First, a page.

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Meet our Animals

Come and meet all of our animals at Cheetah Experience. Choose from the species below, and read some cool facts about each. To meet our animals in person, visit us by booking a tour or come and volunteer for an experience of a lifetime. 

Cheetah playing with a ball


Acinonyx jubatus

The cheetah is the world’s fastest land mammal. The cheetah can run at a top speed of approximately 113km/h (~70 mph), and they can reach this top speed in just 3 seconds! Today, the cheetah’s survival is threatened and the species is now becoming one of Africa’s most endangered “big cats”.

Gemini our black leopard


Panthera pardus

The leopard is a member of the Felidae family and is the smallest of the classified “Big Cats”.

There are nine recognised subspecies of leopard, all subspecies except the African leopard are found in Asia, South Asia and India.

Male lion relaxing


Panthera leo

The lion is the second largest cat in the world, with male lions weighing between 180-250kg when fully grown at 3-5 years of age.

We do not breed lions and do not approve of the canned hunting trade. To read more, visit our Conservation page. 




Leptailurus serval

Servals are a medium sized wild cat found in most African countries south of the Sahara.  They can be found in grasslands near water and are reasonably common, although their numbers are dropping due to hunting and habitat loss.

Siberian Tiger

Siberian Tiger

Panthera tigris altaica

The Siberian tiger, a subspecies of tiger, is the largest cat in the world. It averages about 3.3 m (11 ft.) in length, with a tail measuring 1 m (3 ft.). Adult male Siberian tigers can weigh up to 350 kg. Siberian tigers are considered endangered by IUCN’s Red List, and are poached or illegally hunted for their fur and for body parts that are used for traditional medicines.



Caracal caracal

The caracal is a medium sized wild cat found mostly in the drier savannah and woodland regions of sub-Saharan Africa. They have black ears with long thin hair on the tip of their ears to help whilst hunting. Unfortunately caracals are seen as a pests by farmers because they kill chickens, sheep and goats.

Puma at Cheetah Experience


Puma Concolor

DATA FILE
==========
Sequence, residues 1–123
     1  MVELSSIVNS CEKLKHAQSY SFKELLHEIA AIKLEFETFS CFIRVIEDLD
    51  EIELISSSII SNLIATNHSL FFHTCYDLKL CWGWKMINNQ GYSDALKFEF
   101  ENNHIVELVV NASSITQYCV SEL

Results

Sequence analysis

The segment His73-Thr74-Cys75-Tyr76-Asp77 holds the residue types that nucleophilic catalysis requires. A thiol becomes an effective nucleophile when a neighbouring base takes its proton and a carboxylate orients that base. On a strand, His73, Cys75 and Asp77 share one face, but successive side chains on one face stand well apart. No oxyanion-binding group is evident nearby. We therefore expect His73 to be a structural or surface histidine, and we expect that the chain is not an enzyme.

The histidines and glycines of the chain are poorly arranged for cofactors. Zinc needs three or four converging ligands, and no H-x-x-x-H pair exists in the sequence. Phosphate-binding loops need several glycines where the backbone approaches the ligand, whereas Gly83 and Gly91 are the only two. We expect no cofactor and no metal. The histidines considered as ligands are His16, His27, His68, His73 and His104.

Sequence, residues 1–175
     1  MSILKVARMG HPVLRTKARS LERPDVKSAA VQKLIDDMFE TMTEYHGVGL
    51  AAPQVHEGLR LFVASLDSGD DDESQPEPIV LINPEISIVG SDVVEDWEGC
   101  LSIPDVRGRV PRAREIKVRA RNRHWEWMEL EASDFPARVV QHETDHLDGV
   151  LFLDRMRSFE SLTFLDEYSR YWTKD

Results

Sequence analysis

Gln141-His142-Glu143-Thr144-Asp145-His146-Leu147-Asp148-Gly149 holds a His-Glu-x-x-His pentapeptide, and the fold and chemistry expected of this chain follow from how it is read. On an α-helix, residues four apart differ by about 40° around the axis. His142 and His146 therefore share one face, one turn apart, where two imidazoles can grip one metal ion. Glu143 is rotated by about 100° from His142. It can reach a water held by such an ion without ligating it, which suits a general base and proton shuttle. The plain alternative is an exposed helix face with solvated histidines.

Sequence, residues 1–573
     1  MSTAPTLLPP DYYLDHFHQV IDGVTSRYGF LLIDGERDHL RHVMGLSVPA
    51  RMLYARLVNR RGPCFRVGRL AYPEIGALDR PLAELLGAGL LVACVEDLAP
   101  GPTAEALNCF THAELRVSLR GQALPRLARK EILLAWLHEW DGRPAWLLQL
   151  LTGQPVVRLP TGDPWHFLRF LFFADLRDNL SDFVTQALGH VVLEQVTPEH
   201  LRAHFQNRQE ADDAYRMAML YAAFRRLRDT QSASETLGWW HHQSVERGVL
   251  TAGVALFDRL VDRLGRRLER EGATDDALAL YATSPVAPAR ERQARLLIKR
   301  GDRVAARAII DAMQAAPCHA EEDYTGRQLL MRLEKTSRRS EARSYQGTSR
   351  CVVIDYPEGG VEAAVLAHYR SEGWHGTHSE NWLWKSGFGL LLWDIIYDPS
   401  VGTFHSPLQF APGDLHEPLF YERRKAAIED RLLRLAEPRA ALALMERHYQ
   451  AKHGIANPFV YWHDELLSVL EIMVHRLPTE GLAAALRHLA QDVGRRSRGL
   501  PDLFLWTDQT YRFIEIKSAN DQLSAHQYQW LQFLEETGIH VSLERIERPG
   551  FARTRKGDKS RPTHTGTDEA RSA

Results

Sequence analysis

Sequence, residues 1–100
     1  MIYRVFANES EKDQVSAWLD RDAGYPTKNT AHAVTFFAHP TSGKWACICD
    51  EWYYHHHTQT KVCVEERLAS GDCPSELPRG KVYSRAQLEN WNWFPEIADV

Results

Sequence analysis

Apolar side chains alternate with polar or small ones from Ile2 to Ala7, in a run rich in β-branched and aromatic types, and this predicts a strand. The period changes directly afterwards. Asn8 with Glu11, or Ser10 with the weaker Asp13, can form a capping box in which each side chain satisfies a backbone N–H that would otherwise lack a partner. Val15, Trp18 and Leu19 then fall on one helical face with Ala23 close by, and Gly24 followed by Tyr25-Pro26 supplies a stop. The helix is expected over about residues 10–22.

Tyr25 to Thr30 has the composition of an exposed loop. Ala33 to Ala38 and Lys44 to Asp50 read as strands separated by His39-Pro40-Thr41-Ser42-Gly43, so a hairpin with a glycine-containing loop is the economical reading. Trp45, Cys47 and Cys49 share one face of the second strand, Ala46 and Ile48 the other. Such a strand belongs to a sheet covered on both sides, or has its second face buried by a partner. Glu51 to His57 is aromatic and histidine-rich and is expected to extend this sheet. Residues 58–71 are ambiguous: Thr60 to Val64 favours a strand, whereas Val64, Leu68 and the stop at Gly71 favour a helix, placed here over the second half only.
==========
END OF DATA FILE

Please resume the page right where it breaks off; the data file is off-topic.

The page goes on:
The puma holds the Guinness World Record for animal with the most number of names. It is commonly known not just as the puma, but also as the cougar and the mountain lion.

In fact, the species has got over 40 names in English alone!

Dakota & Athena


Canis lupus

Timber wolves were brought to South Africa to breed with German Shepherds, in order to create a police dog with a better sense of smell. Wolves can range in colour, from black, to grey to white, and have also been found in different brown colours.

African Wildcat

African Wildcats

Felis silvestris lybica

Todays’ domestic cats are believed to be descendants of the African Wildcat. Conservation status is currently listed as least concern on the IUCN Red list, however a major threat to the existence of the cat is crossbreeding with domestic and feral cats. It is becoming quite rare to come across a pure bred African Wildcat.

Spotted Genets 

Genetta genetta


The common genet is a small viverrid indigenous to Africa that was introduced to southwestern Europe. It is widely distributed north of the Sahara, in savanna zones south of the Sahara to southern Africa. 


They have a slender, cat-like body, a small head with a pointed muzzle, large oval ears, large eyes, and well-developed whiskers.

Bat-eared foxes

Bat-eared Foxes

Otocyon megalotis

Bat-eared Foxes are native to South Africa. Their large ears help them to cool off in the hot African savannah plus they can hear very well.

Bat-eared Foxes are most active during the early morning and evening when it is coolest. When they are not about digging for tasty insects to eat they will be curled up a sleep. 

Genets at Cheetah Experience
Rescue Animals

Rescue Animals

Cheetah Experience regularly takes in animals in need of help. We often have a variety of different antelopes, owls and birds of prey. We take care of them until we can release them back into the wild or find a rehabilitation facility where they can be relocated.


Some of these animals find sanctuary at Cheetah Experience and become a part of the family for the rest of their natural lives.

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